✨ Pro tip: As soon as you’ve completed the design studio, take 15 minutes with your other designer(s) to look at the winning concepts and features. Make groupings of concepts with the most votes and make a list of the questions that came up about the designs in the “prototype requirement” tab on Airtable.

Decision Maker Meeting (*this is the most important step in the process)

This is the part where you use the sprint goal and questions to have the experts of each function decide on what you’ll prototype and user test in a couple of days.

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See “Prototype Requirements” tab in Airtable

It is amazing how powerful having a public list of requirements can be for holding stakeholders accountable to their word. This can easily be referenced to stop those “oh can we add a carrousel here” requests down the line.

The requirements list, the sprint goal, and questions will all go into the making of the prototype to ensure that you are holding each other accountable to a common mission.

Here’s how you go about running the decision maker meeting:

  1. Copy and paste the winning concepts from the design studio (2 or 3 most upvoted) and most upvoted features (concentrated heat map votes) onto the “Prioritization of Features” frame on Miro
  2. Gather decision maker group for a one-hour meeting (agenda as follows)
  • Intro 5 min
  • Recap of design studio 5 min
  • Self time to review and vote (2 votes) 10 min
    Vote with dots. 2 ways to vote: 2 dots on one winning concept, 1 dot on one winning concept and 1 dot on an interesting feature (these voted-on features can be included in the prototype or documented for post-MVP designs)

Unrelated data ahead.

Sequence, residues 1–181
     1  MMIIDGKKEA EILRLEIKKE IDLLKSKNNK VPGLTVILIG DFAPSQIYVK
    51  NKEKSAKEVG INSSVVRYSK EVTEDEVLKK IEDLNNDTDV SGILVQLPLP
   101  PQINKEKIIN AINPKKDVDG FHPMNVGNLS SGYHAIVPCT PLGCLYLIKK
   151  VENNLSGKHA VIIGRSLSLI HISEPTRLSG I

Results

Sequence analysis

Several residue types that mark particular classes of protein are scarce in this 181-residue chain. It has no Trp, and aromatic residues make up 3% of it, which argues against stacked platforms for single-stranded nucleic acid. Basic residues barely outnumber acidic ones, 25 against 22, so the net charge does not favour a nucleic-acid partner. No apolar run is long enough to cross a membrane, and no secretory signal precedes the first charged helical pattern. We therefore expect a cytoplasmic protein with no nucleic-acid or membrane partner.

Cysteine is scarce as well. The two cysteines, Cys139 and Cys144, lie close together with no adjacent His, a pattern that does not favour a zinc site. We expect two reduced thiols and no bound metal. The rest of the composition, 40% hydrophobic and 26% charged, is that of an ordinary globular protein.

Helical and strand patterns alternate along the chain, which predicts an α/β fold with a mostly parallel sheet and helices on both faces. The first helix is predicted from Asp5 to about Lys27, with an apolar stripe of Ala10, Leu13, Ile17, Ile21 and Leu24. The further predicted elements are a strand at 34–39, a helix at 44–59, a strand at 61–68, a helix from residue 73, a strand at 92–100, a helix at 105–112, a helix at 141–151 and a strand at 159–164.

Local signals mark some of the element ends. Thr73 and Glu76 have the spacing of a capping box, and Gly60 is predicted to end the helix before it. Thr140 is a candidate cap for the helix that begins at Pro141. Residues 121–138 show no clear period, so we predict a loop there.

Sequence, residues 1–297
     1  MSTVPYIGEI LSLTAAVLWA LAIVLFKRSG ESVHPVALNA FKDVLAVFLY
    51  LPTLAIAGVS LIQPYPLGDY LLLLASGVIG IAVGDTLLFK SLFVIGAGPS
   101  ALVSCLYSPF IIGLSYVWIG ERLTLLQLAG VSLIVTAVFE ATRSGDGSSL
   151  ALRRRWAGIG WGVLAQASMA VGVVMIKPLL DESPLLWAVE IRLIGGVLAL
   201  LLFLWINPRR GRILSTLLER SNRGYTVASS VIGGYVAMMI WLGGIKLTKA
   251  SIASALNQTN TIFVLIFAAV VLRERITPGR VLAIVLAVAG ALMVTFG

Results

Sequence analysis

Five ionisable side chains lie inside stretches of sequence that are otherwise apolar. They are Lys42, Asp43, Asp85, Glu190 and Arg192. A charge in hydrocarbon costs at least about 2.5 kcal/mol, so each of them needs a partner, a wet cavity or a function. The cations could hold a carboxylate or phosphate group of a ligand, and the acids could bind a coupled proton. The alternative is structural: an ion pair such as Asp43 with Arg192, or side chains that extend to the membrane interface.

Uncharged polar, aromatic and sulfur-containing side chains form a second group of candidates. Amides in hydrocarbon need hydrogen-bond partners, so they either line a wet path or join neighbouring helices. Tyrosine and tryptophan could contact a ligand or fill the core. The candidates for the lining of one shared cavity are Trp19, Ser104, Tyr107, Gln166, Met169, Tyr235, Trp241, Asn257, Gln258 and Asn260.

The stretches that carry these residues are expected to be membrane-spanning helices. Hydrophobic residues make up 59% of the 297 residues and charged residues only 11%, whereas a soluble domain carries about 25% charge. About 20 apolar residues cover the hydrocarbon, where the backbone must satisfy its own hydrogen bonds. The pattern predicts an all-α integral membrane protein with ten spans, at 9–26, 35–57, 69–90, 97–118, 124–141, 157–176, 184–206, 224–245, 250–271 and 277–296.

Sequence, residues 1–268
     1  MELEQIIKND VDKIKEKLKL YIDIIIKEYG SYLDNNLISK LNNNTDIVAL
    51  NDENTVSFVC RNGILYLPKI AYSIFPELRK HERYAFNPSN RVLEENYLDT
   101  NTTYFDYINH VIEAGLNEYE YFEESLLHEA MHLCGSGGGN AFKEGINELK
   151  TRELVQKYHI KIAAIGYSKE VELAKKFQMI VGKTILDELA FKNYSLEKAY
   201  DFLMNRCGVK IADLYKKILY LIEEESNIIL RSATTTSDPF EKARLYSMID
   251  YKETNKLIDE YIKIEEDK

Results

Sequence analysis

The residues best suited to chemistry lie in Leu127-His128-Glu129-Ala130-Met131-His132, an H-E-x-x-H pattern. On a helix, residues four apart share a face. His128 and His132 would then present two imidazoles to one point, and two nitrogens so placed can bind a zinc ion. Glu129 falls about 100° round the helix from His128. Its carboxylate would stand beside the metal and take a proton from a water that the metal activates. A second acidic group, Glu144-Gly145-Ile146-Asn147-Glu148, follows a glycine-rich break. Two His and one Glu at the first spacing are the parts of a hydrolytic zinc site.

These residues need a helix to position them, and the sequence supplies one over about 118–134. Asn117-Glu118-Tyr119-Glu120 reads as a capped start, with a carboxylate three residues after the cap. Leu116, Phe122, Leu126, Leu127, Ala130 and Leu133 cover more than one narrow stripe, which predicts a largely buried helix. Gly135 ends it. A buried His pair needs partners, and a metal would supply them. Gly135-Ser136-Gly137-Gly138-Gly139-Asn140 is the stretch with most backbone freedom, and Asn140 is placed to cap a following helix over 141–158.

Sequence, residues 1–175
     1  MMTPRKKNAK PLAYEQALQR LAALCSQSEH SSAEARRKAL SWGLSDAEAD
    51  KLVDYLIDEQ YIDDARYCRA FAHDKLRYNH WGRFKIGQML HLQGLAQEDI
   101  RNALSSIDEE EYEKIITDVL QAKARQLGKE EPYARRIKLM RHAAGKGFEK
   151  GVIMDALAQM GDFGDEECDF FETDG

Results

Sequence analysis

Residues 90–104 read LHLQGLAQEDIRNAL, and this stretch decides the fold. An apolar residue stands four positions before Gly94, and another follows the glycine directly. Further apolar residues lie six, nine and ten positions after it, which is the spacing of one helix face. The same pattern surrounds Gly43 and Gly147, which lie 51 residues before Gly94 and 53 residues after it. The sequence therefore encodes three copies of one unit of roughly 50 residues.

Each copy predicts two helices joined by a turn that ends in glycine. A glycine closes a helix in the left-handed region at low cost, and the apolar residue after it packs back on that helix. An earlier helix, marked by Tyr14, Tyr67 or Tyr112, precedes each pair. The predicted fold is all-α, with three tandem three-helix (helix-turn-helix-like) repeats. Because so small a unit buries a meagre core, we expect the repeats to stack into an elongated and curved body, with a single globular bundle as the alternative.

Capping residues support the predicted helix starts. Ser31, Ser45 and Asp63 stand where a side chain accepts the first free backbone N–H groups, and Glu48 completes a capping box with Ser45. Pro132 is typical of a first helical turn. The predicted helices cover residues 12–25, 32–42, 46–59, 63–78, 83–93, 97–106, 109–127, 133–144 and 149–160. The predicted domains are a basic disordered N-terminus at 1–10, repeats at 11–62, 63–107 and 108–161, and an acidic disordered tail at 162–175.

Add questions and concerns under the concepts and next to the features.
  • Each decision maker pitches their votes compared to the sprint goal and questions 20 min (As experts share their thoughts about their votes, take notes and start to create a list of requirements designs will have to fulfill)
  • Group agrees upon prototype requirements and structure 10 min
    After the pitches, review as a group the rough list of requirements that came out of the votes. Ensure that all experts are comfortable with the output and that major questions or concerns are voiced.

Creating the Prototype(s)

This is the time when designers and content strategists go heads down for a few days. Utilizing the power of our design system and each other, this is, in our opinion, one of the most rewarding parts of the sprint. You really get to focus on doing this work together, with all the great inputs, as designers.

Here’s what you’ll do in this step:

  • Storyboard the user testing user flow(s)
  • Build the User Testing script
  • Wireframe → Mockup → Prototype UX/UI
  • Build out content
  • Test the user testing script with a draft version of the prototype (to ensure the proper flow/questions are asked)
  • Launch a structured feedback survey for stakeholders (see feedback survey template on Airtable)